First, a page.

Seniors use gymnastics equipment for routines to improve their balance and flexibility, one of the programs developed to keep B.C.’s growing number of seniors active and independent. These programs have been suspended, seniors’ activity centres closed due to COVID-19. (Delta Gymnastics Society)

Seniors use gymnastics equipment for routines to improve their balance and flexibility, one of the programs developed to keep B.C.’s growing number of seniors active and independent. These programs have been suspended, seniors’ activity centres closed due to COVID-19. (Delta Gymnastics Society)

B.C. senior health indicators show strain as numbers grow

Wait times for long-term care continue to grow

Beyond the immediate threat of COVID-19 to B.C. seniors, some indicators of their overall health are improving as the number of baby boomers entering their retirement years continues to grow.

As demand for care continues to rise and the options for seniors to socialize and exercise have been reduced or eliminated, what remains to be seen is how severe the long-term impacts of the pandemic will be.

The survey shows there was a four per cent increase in the number of B.C. residents aged 65 and older, continuing a trend that has seen a 27 per cent increase in the past 10 years. The vast majority, 94 per cent, continue to live independently in their own homes, with three per cent in long-term care and three per cent in assisted living, a rate that has remained stable for the past five years.

The latest survey data are for the 2019-20 year ended in March, contained in the latest Monitoring Senior Services report produced annually by the office of B.C. Seniors Advocate Isobel Mackenzie. Before the pandemic disrupted senior care operations and the rest of the world economy, the rising number of seniors needing care was already stretching resources and wait times.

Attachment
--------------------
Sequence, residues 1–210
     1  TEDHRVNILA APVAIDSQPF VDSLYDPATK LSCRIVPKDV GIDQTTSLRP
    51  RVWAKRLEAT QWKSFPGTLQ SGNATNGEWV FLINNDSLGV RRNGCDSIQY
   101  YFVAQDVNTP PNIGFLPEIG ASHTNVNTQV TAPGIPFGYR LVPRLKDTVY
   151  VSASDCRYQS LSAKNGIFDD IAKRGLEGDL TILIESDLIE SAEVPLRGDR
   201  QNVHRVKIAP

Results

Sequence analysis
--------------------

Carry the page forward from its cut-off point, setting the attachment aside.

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The number of long-term care beds per thousand population aged 85 and up has decreased nine per cent in the past five years, with a 27 per cent increase in seniors on the wait list. The average wait time for admission to a facility was 52 days, and the number admitted within 30 days dropped by 11 per cent.

Health Minister Adrian Dix’s emphasis on reaching the provincial target of 3.36 hours a day of care has shown significant results, with the number of long-term care facilities funded to meet the target rising from 30 to 50 per cent compared to the previous year. All facilities owned by regional health authorities met the target, but only 22 per cent of contract facilities had met the goal in 2019-20.

The survey is released annually along with the Long-term Care Quick Facts Directory, used by families looking for senior care and evaluating each provincial facility. The latest survey shows progress made in reducing falls with injury in publicly funded facilities, but little progress made in reducing the use of anti-psychotic drugs, which Mackenzie has identified as too high.

There was also a 17 per cent increase in substantiated complaints related to the province’s licensing regulations for senior facilities, which are reported in the directory in greater detail this year.


@tomfletcherbc
tfletcher@blackpress.ca

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